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Review: Ben Howard’s Collections From The Whiteout

J Daniels takes a look into folk singer Ben Howard’s latest album.

Ben Howard’s fourth album, Collections From The Whiteout, marks, not quite a new direction, but a new adventure for the folk singer. Many of the songs were co-written by its producer, Aaron Dessner, who has recently garnered more acclaim through collaborations with Taylor Swift on her albums folklore (winner of the Grammy Album of the Year Award) and evermore. I confess to enjoying 2011’s indie-folk album Every Kingdom more, but while I was previously unfamiliar with ‘folktronica’, Howard has introduced electronic elements to his folk music more successfully than I would have thought possible before hearing Collections From The Whiteout. Howard’s trademark poetic lyrics are combined by turns with pure acoustics, discordant electronic experiments and meandering arpeggios, and, surprisingly, it works.

“Howard has somehow transformed the usually significant divide between the ominous and the amusing into a fine line.”

Collections takes a great deal of inspiration from real-life events and people, frequently recounting dark tales, but also incorporates a sort of irreverent whimsy which Howard would surely be pleased to hear comes across distinctly as he has previously expressed his fear of taking himself and his music too seriously. This is particularly evident in ‘Finders Keepers’, a song inspired by a friend of his father’s anecdote about finding a body floating in a suitcase. Howard transforms this into a darkly humorous exploration of the adages ‘be careful what you wish for’ and ‘curiosity killed the cat’. With the melancholy but also irreverent lyric ‘Why am I stood here up to my knees?/Isn’t there a birthday, a place I should be?’ and the rest of Collections, Howard has somehow transformed the usually significant divide between the ominous and the amusing into a fine line. Howard’s sombre words: ‘I picture you suffocating/In last tulip polytunnel’ from the tenth track, ‘Unfurling’, are another example of this striking technique.

On paper, Dessner and Howard might seem almost too well matched, but nevertheless they have jointly produced a record that is distinctly experimental from both collaborators in much of its sound. Unfortunately, this isn’t wholly successful – I find the scratchy, grating loop in ‘Sage That She Was Burning’ too distracting and unrelated to the song. It is altogether superfluous as becomes clear when the song temporarily abandons it halfway through in favour of a melodic guitar with a dreamy quality that better reflects the lyrics. Interestingly, the two elements do marry up much more harmoniously in the final segment of the song, but this does not fully absolve the jarring opening. However, the pairing’s successes far outweigh their foibles in the album. My personal favourite is the penultimate track on Collections, ‘The Strange Last Flight of Richard Russell’. For those unfamiliar with the tale of Richard Russell, he is ill-famed for shocking his friends, family, and much of the world in 2018 when he stole a commercial plane and managed to fly it surprisingly proficiently for a time before deliberately crashing the aircraft and ending his life. Howard’s song appears to be from the perspective of Russell’s widow, and combines soft percussion and electronic echoes to create a calm but almost otherworldly sound, as if it came from a different plane (if you will forgive the unfortunate pun). The words are beautifully mournful and offer a resigned, if tongue-in-cheek, philosophy in the form of my favourite lyric from the album: ‘Some threads/Don’t fit the loom’.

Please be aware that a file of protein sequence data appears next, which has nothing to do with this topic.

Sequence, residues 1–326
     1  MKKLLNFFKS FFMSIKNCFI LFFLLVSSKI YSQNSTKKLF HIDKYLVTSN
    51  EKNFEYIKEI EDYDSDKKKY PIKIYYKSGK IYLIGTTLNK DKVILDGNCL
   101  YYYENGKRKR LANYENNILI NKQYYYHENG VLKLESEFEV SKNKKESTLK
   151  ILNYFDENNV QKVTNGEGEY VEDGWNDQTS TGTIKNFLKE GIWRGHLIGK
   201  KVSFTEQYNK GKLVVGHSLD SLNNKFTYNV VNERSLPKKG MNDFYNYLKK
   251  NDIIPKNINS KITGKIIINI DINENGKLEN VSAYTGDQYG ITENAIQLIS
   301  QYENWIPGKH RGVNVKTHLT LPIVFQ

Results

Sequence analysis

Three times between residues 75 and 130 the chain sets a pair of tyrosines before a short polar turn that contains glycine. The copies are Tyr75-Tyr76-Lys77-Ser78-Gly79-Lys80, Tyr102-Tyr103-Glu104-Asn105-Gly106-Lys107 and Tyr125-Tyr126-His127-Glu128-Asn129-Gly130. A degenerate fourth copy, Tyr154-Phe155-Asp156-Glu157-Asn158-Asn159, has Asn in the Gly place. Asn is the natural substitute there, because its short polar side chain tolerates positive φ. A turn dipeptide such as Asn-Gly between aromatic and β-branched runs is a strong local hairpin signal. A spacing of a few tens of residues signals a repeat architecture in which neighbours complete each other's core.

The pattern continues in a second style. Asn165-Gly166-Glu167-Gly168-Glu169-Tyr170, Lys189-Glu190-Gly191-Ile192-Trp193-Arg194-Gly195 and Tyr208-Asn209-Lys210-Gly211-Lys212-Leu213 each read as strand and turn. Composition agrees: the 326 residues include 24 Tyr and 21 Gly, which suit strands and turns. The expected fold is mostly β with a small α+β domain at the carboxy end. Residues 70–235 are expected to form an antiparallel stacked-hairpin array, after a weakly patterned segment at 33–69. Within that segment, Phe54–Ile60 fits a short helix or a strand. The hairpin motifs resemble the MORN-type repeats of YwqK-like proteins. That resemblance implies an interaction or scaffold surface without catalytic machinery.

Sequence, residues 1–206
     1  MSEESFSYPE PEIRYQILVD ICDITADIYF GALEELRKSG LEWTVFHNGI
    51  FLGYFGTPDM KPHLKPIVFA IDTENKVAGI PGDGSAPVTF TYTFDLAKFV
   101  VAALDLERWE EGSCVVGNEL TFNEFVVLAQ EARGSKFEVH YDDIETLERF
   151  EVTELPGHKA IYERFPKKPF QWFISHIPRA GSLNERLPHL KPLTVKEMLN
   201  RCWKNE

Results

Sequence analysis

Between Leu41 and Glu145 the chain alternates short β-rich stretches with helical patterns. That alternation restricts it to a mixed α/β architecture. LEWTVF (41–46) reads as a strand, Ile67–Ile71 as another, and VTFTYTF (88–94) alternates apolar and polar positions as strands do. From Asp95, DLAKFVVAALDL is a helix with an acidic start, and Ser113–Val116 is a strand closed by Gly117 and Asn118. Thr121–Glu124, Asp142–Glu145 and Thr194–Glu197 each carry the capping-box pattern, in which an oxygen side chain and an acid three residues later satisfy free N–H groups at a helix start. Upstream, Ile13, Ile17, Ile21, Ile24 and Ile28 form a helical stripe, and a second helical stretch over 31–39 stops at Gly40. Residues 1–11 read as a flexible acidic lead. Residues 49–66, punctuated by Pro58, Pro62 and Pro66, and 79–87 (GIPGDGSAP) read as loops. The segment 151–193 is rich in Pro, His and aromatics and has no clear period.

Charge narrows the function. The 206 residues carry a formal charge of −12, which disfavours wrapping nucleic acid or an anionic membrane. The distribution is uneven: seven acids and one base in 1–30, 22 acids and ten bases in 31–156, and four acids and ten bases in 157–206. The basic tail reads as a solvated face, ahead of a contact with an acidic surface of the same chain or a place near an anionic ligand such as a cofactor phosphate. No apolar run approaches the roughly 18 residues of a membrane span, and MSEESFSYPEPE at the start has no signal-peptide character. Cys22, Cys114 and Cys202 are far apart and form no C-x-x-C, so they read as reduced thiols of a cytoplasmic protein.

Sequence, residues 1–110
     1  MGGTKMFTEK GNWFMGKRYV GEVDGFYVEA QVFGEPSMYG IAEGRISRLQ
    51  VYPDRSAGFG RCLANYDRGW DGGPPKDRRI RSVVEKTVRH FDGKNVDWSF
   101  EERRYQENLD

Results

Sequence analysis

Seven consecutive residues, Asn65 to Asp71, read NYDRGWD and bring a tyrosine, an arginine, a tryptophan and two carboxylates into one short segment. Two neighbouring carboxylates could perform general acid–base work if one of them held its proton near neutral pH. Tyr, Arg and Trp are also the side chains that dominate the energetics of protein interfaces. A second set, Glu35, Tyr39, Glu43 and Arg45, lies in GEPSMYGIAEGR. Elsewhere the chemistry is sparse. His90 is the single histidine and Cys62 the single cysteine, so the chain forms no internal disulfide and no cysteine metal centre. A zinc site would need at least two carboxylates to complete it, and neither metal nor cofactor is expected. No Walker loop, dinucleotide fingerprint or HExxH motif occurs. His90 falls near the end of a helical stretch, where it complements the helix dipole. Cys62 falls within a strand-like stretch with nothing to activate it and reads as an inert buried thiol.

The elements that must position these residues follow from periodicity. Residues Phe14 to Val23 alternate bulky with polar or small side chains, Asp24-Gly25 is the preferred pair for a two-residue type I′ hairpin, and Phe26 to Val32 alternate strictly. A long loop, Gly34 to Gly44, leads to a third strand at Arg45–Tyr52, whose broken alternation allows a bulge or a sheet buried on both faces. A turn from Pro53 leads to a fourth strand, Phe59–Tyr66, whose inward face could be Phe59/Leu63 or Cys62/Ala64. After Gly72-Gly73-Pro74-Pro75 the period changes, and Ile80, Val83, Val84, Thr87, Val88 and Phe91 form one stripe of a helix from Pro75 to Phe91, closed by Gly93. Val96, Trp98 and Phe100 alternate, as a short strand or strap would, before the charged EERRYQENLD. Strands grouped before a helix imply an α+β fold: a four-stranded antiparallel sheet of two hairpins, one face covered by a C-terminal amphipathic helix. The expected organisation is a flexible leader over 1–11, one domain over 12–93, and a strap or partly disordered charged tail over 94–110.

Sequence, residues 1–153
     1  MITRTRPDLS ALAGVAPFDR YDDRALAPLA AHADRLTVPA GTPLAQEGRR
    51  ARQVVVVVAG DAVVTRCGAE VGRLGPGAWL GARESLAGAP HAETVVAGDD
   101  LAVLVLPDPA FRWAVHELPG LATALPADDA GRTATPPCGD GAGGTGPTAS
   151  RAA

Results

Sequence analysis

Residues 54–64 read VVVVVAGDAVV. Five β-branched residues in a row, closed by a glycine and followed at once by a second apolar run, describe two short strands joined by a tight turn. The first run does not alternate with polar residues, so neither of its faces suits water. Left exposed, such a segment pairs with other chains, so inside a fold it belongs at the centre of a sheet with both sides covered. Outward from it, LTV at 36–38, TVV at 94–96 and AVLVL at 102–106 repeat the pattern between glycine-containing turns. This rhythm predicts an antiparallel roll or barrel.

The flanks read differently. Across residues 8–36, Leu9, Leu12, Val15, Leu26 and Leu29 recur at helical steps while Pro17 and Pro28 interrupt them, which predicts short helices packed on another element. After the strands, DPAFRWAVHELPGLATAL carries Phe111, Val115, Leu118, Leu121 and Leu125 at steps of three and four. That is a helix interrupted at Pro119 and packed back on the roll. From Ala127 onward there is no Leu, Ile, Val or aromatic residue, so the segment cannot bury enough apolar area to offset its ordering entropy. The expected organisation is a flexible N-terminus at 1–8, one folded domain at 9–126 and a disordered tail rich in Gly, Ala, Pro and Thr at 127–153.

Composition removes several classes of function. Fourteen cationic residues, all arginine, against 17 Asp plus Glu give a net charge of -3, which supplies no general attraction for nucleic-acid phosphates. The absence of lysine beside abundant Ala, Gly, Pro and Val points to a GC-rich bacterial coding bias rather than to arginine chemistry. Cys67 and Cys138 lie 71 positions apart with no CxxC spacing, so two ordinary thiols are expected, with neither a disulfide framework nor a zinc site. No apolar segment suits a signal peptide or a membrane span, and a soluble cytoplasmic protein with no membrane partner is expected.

While the sonic experiments are not, in my opinion, always pleasing, the album as a whole is a triumph. Howard’s lyric is as powerful as ever and he demonstrates adroitness in retelling stories taken from news and infusing them with both the personal and the universal, giving listeners both an insight into the artist himself and a chance to learn more about themselves through their own interpretations of the music. His song inspired by the exposing of fake socialite Anna Sorokin, ‘Sorry Kid’, offers both a warning and almost an exoneration with the lines ‘To be a magpie in the safe/Sure must be a tempting place’. Collections From The Whiteout is an exploratory but not overly dramatic departure from his earlier work, and its closing track ‘Buzzard’ in particular will be familiar to fans of his other albums – its atypical brevity notwithstanding.

Image credit: Abigail Hoekstra via Wikimedia Commons: CC BY-SA 3.0

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